Pacific Decadal Oscillation: Another Climate Thermostat?by Tam Moore
Capital Press, March 19, 2004
MEDFORD, Ore. -- Forget all that fuss about El Nino that you heard in the 1980s and 1990s. Write down Pacific Decadal Oscillation instead.
Greg Jones, a climatologist with Southern Oregon University, told a recent agricultural forum in Medford that what in 1999 was christened the Pacific Decadal Oscillation and a companion Arctic Oscillation are far more important to Western farmers than the El Nino phenomenon occurring along the equator.
Jones’ judgment is shared by Gregory McCabe, a Denver-based U.S. Geological Survey climatologist who spoke at the early February Upper Klamath Basin science conference.
McCabe said that, using an index built on ocean water temperatures in the North Pacific, his colleagues have been able to model Columbia Basin seasonal weather patterns, seemingly predicting streamflow up to two years in advance.
“There’s seven years of sample data, but we’ve built a model for 30- or 40-year” weather cycles, McCabe said.
What’s all the fuss about? It’s a theory that two University of Washington professors pursued. Steven Hare began the chase in 1996 working on weather and sea-condition events related to ocean fish populations. He published the work in 1999.
Nate Mantuh, the climatologist in the team, took over and put significant data on the Internet at jisao.Washington.edu/PDO.
Just call it PDO for short, like all the weather guys do as they discover the close fit of water temperatures between Japan and the United States and movement of the high-altitude jetstream that drives prevailing seasonal storm paths.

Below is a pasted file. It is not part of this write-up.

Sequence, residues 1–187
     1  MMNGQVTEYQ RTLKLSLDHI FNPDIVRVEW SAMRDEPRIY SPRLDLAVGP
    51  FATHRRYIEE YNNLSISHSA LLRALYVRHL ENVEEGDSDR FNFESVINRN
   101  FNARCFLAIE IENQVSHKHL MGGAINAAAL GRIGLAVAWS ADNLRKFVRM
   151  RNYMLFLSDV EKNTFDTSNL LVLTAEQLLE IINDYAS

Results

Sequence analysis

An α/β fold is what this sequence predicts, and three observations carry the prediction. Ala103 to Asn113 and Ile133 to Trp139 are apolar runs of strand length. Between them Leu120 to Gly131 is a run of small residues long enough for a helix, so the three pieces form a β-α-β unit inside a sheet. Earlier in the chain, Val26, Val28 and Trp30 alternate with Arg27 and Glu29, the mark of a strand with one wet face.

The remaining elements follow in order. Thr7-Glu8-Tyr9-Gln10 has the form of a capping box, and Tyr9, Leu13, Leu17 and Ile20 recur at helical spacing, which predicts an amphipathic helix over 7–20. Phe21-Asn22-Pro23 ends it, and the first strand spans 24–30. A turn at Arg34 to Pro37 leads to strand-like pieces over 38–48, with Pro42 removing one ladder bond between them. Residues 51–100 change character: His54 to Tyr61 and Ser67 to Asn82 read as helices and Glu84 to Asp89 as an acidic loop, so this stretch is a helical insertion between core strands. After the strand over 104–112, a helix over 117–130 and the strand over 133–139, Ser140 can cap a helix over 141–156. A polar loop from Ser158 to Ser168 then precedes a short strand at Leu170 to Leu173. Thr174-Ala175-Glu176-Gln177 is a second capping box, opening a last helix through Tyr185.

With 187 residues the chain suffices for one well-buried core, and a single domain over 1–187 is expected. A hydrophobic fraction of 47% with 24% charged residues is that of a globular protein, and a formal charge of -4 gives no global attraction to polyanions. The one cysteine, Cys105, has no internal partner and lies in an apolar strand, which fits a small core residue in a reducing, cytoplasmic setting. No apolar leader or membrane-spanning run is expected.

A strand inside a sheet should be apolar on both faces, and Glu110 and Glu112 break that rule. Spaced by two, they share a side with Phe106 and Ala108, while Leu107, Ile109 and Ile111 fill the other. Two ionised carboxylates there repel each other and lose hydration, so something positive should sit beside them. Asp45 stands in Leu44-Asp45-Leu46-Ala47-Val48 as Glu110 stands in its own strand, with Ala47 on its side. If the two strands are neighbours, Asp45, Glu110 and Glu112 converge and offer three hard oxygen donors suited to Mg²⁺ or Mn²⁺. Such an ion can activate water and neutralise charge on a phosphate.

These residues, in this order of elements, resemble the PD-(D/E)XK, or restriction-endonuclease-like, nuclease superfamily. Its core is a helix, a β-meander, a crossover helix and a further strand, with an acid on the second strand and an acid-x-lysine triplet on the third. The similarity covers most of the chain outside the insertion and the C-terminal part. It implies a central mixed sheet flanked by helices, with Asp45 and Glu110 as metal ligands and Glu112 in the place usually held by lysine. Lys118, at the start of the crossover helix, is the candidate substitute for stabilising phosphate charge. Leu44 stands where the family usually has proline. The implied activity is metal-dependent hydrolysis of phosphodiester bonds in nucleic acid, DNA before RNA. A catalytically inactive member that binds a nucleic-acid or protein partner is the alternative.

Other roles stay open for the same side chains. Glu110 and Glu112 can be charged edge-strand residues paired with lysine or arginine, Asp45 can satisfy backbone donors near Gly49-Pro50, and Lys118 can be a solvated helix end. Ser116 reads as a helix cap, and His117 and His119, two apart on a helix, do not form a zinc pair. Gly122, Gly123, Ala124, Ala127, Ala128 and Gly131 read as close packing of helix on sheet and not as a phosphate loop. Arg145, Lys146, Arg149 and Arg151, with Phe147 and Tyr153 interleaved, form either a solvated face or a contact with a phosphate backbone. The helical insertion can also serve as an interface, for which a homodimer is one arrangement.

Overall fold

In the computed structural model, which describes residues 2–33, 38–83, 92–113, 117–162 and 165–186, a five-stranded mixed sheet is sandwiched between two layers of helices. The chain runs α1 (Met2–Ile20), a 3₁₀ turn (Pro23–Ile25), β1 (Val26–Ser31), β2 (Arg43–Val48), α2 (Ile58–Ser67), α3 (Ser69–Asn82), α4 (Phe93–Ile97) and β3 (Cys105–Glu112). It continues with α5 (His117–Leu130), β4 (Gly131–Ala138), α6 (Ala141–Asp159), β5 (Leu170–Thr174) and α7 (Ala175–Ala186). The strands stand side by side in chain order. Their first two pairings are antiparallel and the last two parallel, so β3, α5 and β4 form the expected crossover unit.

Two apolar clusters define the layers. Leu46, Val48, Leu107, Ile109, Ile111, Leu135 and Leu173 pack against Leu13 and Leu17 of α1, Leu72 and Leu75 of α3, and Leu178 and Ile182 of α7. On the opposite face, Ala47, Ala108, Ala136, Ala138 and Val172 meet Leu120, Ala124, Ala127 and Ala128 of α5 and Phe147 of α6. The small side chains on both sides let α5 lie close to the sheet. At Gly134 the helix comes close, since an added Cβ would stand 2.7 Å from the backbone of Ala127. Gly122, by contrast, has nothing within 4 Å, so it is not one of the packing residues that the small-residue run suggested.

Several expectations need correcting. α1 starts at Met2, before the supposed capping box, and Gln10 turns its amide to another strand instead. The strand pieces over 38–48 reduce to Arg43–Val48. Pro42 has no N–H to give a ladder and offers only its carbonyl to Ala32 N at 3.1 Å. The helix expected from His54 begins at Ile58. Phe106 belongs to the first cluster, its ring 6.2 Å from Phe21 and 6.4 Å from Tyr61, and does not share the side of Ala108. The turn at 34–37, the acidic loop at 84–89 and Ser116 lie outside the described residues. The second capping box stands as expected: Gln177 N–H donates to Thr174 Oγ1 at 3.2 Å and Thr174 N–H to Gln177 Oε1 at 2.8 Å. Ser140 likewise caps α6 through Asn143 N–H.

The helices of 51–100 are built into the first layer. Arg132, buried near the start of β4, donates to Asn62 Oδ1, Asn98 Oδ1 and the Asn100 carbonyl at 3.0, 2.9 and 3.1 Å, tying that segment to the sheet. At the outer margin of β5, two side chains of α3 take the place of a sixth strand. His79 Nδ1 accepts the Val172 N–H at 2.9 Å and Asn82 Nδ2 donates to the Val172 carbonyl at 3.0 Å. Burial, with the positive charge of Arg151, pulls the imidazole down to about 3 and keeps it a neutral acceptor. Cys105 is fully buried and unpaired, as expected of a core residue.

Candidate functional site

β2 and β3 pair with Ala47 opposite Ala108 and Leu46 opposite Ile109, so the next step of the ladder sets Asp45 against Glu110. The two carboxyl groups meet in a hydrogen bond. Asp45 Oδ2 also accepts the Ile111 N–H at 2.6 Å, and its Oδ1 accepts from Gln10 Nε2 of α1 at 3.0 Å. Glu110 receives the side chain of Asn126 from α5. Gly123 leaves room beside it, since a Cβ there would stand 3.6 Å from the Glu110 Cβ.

Jones said what goes on in the North Pacific is clearly more related to West Coast weather than the upwelling of hot water along the equator. Curiously, he said, other climatologists find relationships of sorts between PDO and weather patterns on the Atlantic Seaboard.
But McCabe pointed out that while his associates made a nice model predicting Columbia River streamflows that checked out with actual data, they can’t do the same for the Klamath River, located hundreds of miles to the south.
“I think there’s an El Nino influence on Klamath weather,” McCabe said. “El Nino effects often accentuate the streamflow patterns” here.
The USGS team is looking at PDO relationships to snowpack in the West.
McCabe said he finds some long-term relationship between soil moisture drought indexes in the interior West and PDO index, and that Klamath Basin drought index readings “fairly closely” follow shifts in PDO.
Jones said he has joined the climatologist school that believes a cycle of cooler, moister weather is at hand.
“Give me another 50 years and I’ll let you know for sure,” he told the Medford orchardists and vineyard operators.
learn more on topics covered in the film
see the video
read the script
learn the songs